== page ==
People who follow my writing generally don't know that one of the biggest parts of my consulting business is providing expert witness testimony in US asylum cases where the applicants are Mexican nationals. There has been an increase in both the number of asylum applicants from Mexico, as well as media coverage of the rare cases where they're actually granted. According to the Justice Department’s Executive Office for Immigration
Review, in FY 2010 it received 3,231 asylum requests from Mexicans but approved only 49. Another 1,671 requests were withdrawn. So, I just wanted to take the opportunity to tell you what it's like for me, as a subject matter expert on the drug war, to be a part of these cases.
It starts when I get an email from an immigration attorney asking for my help. The first thing I do is ask to see the applicant's declaration, which is a statement (either in a typed document or a USCIS Form I-589) of why he or she fears being returned to Mexico. This helps me determine whether or not I can help in the case based on my expertise, and how strong or weak the case might be.
If I think the case is strong enough, and it involves an area of Mexico and a TCO or smaller criminal organization with which I'm familiar, then I start to put together an affidavit for the court. My affidavits include information about my professional background and experience, general country conditions for Mexico, the evolution of the drug war and the TCO(s) in question, and the specific situation of the applicant. I finish off with my opinion as to why the applicant would be harmed or killed if forcibly returned to Mexico.
There are several different categories under which one of these cases can be classified and argued by the immigration attorneys. There's withholding of removal, cancellation of removal, Convention Against Torture, affirmative cases (in which the applicant has a visa and applies for asylum prior to its expiration), and probably a couple of others I haven't come across.
One of the critical aspects of these cases for the attorneys is showing that the applicant is part of a particular social group; in essence, that everyone in that designated group is subject and vulnerable to harm and/or death in Mexico. One example would be "current or former police officers who refuse bribes and don't succumb to threats," or informants or witnesses to crimes committed by TCOs in Mexico.
Once my affidavit is done, I send it to the attorney and wait for the hearing to come up. My testimony is always telephonic, and the hearing consists of the immigration attorney, an attorney representing the US government (usually from ICE), and the judge. I've dealt with mostly really nice judges, but some have just been outright rude. I've also dealt with very professional and pleasant government attorneys, and others who think they're on the set of "Law & Order" and have the mission to rip me to shreds. After all is said and done between the attorneys and applicant's and expert's testimony, it's ultimately up to the judge to decide whether or not the applicant should be returned to Mexico.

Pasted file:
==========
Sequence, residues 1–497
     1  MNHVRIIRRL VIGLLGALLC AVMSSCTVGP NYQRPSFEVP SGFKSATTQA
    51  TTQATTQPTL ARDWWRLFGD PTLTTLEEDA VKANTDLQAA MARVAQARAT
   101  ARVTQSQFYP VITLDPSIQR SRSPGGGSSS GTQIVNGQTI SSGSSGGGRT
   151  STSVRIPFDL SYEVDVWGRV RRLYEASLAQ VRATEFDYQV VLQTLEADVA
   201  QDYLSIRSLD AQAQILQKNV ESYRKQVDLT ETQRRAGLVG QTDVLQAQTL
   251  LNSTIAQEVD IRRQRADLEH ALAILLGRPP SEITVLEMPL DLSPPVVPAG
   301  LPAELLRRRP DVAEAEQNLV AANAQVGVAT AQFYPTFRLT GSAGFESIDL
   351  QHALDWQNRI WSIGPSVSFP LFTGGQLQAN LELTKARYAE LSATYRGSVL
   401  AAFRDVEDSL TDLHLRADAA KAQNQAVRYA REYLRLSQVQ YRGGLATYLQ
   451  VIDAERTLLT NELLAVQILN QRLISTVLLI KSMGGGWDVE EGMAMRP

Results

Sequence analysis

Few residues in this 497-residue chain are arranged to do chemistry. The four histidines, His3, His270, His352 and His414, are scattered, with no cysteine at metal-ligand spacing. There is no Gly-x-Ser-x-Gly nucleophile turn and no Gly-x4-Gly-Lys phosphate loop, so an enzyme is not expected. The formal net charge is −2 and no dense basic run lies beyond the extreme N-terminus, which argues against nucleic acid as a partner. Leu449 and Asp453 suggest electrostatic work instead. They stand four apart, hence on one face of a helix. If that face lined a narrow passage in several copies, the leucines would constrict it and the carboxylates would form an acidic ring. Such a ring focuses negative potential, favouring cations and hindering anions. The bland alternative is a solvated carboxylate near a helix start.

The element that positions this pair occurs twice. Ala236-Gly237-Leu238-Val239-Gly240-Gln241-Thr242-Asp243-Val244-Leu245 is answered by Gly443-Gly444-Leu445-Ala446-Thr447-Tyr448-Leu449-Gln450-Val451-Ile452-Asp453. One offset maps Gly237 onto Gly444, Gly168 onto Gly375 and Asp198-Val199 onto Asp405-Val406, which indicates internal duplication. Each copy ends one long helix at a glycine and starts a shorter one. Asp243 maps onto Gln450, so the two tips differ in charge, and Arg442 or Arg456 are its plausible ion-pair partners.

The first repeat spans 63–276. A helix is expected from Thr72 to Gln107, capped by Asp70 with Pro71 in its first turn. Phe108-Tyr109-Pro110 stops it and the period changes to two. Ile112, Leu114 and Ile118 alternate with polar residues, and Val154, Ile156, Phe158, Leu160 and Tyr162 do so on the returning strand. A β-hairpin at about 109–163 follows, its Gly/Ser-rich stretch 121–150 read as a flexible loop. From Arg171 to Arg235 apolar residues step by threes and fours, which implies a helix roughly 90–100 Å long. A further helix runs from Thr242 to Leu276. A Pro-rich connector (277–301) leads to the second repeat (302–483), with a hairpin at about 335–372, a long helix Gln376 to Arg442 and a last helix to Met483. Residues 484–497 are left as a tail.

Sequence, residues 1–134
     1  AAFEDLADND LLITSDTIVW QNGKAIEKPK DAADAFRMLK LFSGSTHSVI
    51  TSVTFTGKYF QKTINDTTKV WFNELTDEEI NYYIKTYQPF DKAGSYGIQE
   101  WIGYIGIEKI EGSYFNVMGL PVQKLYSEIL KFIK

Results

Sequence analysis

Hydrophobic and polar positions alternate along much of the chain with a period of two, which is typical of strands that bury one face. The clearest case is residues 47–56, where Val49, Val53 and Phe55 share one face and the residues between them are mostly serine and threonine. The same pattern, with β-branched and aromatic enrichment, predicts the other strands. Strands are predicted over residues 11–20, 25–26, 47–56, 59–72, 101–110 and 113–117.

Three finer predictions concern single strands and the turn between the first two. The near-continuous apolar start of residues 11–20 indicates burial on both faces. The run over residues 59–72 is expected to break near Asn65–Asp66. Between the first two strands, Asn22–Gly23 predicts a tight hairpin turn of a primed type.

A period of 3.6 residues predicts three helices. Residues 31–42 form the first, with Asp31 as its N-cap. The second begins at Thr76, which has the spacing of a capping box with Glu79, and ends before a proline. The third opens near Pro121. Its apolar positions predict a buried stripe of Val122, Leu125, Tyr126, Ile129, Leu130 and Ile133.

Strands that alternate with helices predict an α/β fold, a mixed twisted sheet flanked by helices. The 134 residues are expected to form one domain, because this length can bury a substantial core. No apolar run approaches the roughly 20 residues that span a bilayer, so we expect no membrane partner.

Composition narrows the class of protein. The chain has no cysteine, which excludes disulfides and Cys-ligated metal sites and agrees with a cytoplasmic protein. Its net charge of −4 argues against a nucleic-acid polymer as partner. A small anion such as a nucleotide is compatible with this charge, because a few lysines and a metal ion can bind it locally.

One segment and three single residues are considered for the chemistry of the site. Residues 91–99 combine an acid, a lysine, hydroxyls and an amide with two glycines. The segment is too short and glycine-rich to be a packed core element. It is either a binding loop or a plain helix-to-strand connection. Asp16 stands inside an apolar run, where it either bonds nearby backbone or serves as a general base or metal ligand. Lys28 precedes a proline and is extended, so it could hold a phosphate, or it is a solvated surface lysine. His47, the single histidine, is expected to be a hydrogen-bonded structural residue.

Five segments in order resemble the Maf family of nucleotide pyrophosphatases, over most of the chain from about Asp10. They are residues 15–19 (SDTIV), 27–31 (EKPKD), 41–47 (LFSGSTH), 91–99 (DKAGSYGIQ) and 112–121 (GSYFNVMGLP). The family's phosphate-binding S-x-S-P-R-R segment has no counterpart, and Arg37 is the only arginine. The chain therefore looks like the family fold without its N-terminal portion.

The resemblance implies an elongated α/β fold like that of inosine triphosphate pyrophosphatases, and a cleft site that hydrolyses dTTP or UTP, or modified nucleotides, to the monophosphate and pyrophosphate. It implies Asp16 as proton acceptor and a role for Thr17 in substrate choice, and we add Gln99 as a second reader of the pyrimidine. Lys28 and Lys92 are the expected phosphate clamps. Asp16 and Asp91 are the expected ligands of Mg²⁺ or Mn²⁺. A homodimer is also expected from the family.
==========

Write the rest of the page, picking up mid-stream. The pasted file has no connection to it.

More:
More often than not, they're sent back, but this doesn't stop some very hard-working immigration attorneys from working their tails off to convince a judge to allow their clients to stay. Most of the cases I've come into are really tragic, including police officers being kidnapped and tortured, a mother whose children were kidnapped and held for ransom while trying to cross the border, and a DEA information who was hung out to dry after risking her life to put Mexican drug traffickers in jail. It's hard to maintain a professional distance when you know that many of these applicants will be returned to Mexico and likely harmed or killed by one of the TCOs when they get there. Once my work is done as an expert, I rarely find out what happens to the applicant, and sometimes I worry that they've become just another faceless crime statistic in Mexico.
Doing this job has given me a very interesting perspective on immigration - a subject on which I usually prefer not to comment. My own family emigrated to the US from Cuba in the 1960s, so I'm very familiar with the asylum process and the heated politics surrounding it. I have a strong feeling that we're not going to start seeing larger numbers of Mexicans being granted asylum because that would open the floodgates for applicants, and the US system is not prepared to deal with that. It's a hair-breadth distinction that separates the Cuban asylum applicant from the Mexican applicant in the eyes of US immigration law, and that's infuriating to many.
Regardless of the debate, I've spoken with these asylum applicants and their fear of returning to Mexico is not invented or imagined. Yes, they came to the US illegally, and that's enough for some people to say "send 'em back!" But knowing the violence that awaits them specifically makes it very hard for me to adopt that attitude.
Being an expert witness is tragic and fascinating work. These true stories are more engrossing than most fiction I've read, and I wish that more Americans could be made privy to these applicants' journeys and situations. I just hope that my small contribution as an expert in these cases can make some difference, and maybe help save some lives in the process.